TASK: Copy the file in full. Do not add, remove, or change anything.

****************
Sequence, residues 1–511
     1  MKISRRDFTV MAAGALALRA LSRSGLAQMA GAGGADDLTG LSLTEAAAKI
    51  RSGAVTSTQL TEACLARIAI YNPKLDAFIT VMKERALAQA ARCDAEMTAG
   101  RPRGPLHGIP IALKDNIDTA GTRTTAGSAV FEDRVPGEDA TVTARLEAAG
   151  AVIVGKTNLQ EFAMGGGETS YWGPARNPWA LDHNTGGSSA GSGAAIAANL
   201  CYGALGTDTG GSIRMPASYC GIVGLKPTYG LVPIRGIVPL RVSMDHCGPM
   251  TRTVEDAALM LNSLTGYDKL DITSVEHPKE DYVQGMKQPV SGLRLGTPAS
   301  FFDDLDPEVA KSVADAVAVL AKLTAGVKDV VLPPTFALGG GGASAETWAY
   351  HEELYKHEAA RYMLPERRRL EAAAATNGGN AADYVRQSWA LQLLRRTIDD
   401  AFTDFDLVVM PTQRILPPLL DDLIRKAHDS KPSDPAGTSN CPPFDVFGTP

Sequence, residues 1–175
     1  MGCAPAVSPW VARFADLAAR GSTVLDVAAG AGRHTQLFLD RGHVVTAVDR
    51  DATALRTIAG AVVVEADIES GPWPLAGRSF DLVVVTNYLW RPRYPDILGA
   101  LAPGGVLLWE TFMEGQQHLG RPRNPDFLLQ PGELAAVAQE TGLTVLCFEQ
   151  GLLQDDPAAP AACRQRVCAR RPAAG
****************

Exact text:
Sequence, residues 1–511
     1  MKISRRDFTV MAAGALALRA LSRSGLAQMA GAGGADDLTG LSLTEAAAKI
    51  RSGAVTSTQL TEACLARIAI YNPKLDAFIT VMKERALAQA ARCDAEMTAG
   101  RPRGPLHGIP IALKDNIDTA GTRTTAGSAV FEDRVPGEDA TVTARLEAAG
   151  AVIVGKTNLQ EFAMGGGETS YWGPARNPWA LDHNTGGSSA GSGAAIAANL
   201  CYGALGTDTG GSIRMPASYC GIVGLKPTYG LVPIRGIVPL RVSMDHCGPM
   251  TRTVEDAALM LNSLTGYDKL DITSVEHPKE DYVQGMKQPV SGLRLGTPAS
   301  FFDDLDPEVA KSVADAVAVL AKLTAGVKDV VLPPTFALGG GGASAETWAY
   351  HEELYKHEAA RYMLPERRRL EAAAATNGGN AADYVRQSWA LQLLRRTIDD
   401  AFTDFDLVVM PTQRILPPLL DDLIRKAHDS KPSDPAGTSN CPPFDVFGTP

Sequence, residues 1–175
     1  MGCAPAVSPW VARFADLAAR GSTVLDVAAG AGRHTQLFLD RGHVVTAVDR
    51  DATALRTIAG AVVVEADIES GPWPLAGRSF DLVVVTNYLW RPRYPDILGA
   101  LAPGGVLLWE TFMEGQQHLG RPRNPDFLLQ PGELAAVAQE TGLTVLCFEQ
   151  GLLQDDPAAP AACRQRVCAR RPAAG